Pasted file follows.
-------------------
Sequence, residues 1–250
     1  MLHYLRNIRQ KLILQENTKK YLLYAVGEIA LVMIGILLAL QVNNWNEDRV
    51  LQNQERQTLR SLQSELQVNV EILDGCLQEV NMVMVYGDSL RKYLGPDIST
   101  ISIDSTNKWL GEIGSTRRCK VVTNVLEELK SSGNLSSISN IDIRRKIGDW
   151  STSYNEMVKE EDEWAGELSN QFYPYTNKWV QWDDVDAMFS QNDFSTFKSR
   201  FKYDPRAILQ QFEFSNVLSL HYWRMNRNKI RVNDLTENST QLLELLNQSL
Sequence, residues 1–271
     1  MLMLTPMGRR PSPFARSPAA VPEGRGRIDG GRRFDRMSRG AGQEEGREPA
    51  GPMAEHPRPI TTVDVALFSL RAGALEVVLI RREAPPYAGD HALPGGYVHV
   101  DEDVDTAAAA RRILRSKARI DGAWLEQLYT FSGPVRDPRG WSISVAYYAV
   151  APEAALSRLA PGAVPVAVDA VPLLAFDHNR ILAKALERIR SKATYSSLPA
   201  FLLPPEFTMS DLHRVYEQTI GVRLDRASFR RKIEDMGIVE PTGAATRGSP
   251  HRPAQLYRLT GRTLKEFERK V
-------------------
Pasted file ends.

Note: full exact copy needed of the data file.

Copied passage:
Sequence, residues 1–250
     1  MLHYLRNIRQ KLILQENTKK YLLYAVGEIA LVMIGILLAL QVNNWNEDRV
    51  LQNQERQTLR SLQSELQVNV EILDGCLQEV NMVMVYGDSL RKYLGPDIST
   101  ISIDSTNKWL GEIGSTRRCK VVTNVLEELK SSGNLSSISN IDIRRKIGDW
   151  STSYNEMVKE EDEWAGELSN QFYPYTNKWV QWDDVDAMFS QNDFSTFKSR
   201  FKYDPRAILQ QFEFSNVLSL HYWRMNRNKI RVNDLTENST QLLELLNQSL
Sequence, residues 1–271
     1  MLMLTPMGRR PSPFARSPAA VPEGRGRIDG GRRFDRMSRG AGQEEGREPA
    51  GPMAEHPRPI TTVDVALFSL RAGALEVVLI RREAPPYAGD HALPGGYVHV
   101  DEDVDTAAAA RRILRSKARI DGAWLEQLYT FSGPVRDPRG WSISVAYYAV
   151  APEAALSRLA PGAVPVAVDA VPLLAFDHNR ILAKALERIR SKATYSSLPA
   201  FLLPPEFTMS DLHRVYEQTI GVRLDRASFR RKIEDMGIVE PTGAATRGSP
   251  HRPAQLYRLT GRTLKEFERK V